Tattoo Sheet - Boz and Kolya Picture

Complete at last. It only took me for-bloody-ever. *head hurts* >>; Forgive the signature stamps. I created all of these, and five of the seven are hand-drawn. You understand.

So, yet more Russian prison culture. Prison tattoos in Russia are like a language, and as such, all of them have meaning. These tattoos belong to my cat-burglar twins, Boz and Kolya. They wear the exact same marks, despite having been imprisoned separately. How they managed that, only God knows. Unlike the other two, the twins put a LOT of thought into their markings, and each one tells a story about them and their lives.

In depth:

-The Butterfly
Worn on the nape of their necks, often concealed by their hair, the butterfly is symbolic of the escape artist. Having learned the art of lock-picking and escape from years in a Soviet orphanage, the twins remain skilled at vanishing even now.

-The Rose Vine
In classic Russian prison culture, roses are worn to honor teenage birthdays spent in "the Zone" (prison). The twins' rose was custom-designed, beautiful, but noticeably withering--a symbol of the loss of vitality caused by being caged. The vine wraps around their shoulders, like the invisible chains that kept them prisoners. In spite of it, beneath the vine, it reads 'always look to the sky'...a reminder that, no matter what, you have to keep your head up and face the sun, never give up--or risk death in the shadows.

-"Faceless Mother, Nameless Child"
This tattoo is a modification of the mother and child (or The Virgin and Baby) prison tattoo. Originally, it symbolized a person born a criminal. While meaning this, the faceless tattoo also symbolizes the twins' loss of their family to the Accident, which left them without identities or parents. Worn behind their backs, it is a sign of their secret regret: the loss of who they were.

-"He who is not with me is against me."
This is a Russian proverb, which the twins took to heart. Only ever having had each other through their difficult childhood, Boz and Kolya trust very few people, despite their seemingly open personalities. The proverb is repeated, as a symbol of their duality. (Very, very few people know that they are two separate people.)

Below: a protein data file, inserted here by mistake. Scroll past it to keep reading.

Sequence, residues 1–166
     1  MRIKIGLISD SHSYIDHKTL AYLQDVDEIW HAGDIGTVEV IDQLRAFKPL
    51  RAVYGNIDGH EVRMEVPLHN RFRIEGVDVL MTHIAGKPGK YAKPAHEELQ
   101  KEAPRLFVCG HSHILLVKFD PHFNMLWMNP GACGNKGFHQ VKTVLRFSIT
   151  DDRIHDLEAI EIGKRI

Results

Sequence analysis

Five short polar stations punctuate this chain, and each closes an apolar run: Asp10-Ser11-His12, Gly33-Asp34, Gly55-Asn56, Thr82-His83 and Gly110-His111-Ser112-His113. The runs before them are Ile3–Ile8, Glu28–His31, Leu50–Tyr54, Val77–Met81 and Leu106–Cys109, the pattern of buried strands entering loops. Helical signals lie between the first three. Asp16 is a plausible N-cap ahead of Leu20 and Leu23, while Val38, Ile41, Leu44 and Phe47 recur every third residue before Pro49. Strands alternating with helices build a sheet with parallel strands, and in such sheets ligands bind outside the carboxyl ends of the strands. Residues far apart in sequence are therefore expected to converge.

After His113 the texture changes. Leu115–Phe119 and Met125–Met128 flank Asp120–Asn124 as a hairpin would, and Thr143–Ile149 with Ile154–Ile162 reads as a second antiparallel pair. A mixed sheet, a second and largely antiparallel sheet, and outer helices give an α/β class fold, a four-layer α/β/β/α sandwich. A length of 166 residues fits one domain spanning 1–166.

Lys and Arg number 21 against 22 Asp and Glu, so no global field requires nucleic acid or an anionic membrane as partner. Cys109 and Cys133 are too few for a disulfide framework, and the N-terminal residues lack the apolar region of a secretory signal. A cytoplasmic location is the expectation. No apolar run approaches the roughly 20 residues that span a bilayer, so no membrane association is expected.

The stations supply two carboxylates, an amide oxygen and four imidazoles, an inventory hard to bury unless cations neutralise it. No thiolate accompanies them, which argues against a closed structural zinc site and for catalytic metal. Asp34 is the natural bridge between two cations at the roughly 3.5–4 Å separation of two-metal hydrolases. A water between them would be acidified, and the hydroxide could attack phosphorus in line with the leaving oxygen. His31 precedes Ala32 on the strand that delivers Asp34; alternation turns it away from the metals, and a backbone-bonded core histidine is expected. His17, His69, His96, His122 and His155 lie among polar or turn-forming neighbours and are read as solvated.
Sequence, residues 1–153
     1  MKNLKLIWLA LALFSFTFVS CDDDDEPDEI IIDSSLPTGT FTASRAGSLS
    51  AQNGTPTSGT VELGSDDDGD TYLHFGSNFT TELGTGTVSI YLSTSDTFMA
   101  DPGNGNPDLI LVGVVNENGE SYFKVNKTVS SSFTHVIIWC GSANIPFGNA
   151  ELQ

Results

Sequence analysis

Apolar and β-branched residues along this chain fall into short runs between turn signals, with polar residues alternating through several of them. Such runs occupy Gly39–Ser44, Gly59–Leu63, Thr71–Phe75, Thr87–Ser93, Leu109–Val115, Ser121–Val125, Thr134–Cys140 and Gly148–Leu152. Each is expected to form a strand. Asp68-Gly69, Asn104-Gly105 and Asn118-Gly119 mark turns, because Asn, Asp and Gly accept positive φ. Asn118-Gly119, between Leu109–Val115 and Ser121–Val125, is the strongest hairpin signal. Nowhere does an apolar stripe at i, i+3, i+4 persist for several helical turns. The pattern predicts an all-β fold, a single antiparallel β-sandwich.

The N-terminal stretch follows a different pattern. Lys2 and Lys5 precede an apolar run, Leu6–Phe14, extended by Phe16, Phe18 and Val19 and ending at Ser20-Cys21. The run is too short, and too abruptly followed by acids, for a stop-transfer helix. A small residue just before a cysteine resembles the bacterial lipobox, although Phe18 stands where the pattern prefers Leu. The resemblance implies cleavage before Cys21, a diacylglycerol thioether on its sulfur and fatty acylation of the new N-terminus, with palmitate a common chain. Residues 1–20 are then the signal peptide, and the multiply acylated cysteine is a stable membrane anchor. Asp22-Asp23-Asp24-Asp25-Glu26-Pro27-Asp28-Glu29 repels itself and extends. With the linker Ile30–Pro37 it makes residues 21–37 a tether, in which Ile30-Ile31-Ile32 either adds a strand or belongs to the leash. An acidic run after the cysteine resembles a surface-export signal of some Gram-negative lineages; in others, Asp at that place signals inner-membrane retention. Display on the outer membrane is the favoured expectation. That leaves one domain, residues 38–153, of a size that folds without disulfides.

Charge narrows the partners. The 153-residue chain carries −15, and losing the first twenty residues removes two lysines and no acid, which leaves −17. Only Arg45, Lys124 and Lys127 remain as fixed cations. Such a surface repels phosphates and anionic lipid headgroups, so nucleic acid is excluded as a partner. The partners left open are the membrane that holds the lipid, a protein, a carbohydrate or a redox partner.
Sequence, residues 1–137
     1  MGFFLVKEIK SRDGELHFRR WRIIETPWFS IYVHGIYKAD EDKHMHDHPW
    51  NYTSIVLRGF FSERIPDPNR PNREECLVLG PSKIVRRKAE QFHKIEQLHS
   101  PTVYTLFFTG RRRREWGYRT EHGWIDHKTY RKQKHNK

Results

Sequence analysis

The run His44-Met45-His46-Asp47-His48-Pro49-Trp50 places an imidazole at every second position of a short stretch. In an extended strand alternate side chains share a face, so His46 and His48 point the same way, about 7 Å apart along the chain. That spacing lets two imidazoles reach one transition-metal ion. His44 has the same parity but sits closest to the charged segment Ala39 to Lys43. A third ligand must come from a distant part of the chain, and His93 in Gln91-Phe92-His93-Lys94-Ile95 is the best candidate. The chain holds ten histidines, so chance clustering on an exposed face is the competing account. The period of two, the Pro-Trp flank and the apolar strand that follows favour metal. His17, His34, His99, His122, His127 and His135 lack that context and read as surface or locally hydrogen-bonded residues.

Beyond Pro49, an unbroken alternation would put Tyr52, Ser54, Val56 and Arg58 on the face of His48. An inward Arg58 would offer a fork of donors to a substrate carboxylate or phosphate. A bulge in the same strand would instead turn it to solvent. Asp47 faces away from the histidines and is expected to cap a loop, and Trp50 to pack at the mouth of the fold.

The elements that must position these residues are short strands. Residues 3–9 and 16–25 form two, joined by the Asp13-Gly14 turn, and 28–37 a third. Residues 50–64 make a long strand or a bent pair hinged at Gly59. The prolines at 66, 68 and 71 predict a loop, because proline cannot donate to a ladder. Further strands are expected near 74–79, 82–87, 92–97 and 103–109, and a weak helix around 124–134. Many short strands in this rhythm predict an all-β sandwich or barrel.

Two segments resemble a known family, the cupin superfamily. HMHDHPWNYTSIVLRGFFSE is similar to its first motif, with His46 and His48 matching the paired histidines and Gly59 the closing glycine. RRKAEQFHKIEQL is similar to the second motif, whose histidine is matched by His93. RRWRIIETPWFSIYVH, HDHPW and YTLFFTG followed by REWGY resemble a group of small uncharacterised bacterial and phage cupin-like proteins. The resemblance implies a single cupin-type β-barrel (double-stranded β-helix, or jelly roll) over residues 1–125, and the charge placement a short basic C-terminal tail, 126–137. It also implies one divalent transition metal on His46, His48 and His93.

-The Cat, and the Spade
Being a creature of cunning and agility, the cat is easily synonymous with a thief. In mythology, the cat is also a protector of souls, watching over the graves of the dead and casting off evil spirits. The twins believe the mark brings them luck, and watches their backs on tough missions. The spade--designed by Boz--is formed in a tribal style, reflecting the damage (such as broken windows) left by thieves, and the way that even the most common things can become warped.

-The Stars
The most well-known of Russian criminal tattoos, stars worn on the knees disregard classic authority, showing a refusal to kneel before police or prison staff. This sort of rebellious opinion is held by many criminals, and the twins, as thieves and escape-artists, are no different. Their dislike and disrespect toward figures of power borders resentment, and these marks state it proudly. One of the many reasons they steal is to spite the so-called authority--to show that they can, and cannot be stopped.

Too much information. =B

Artwork belongs to me. For more about the characters the tattoos belong to, see [link] (their folder) in my gallery.

Other sheets (which much less information xD) :
[link] (Dema Khrushchev)
[link] (Aleksei Zel'dovich)
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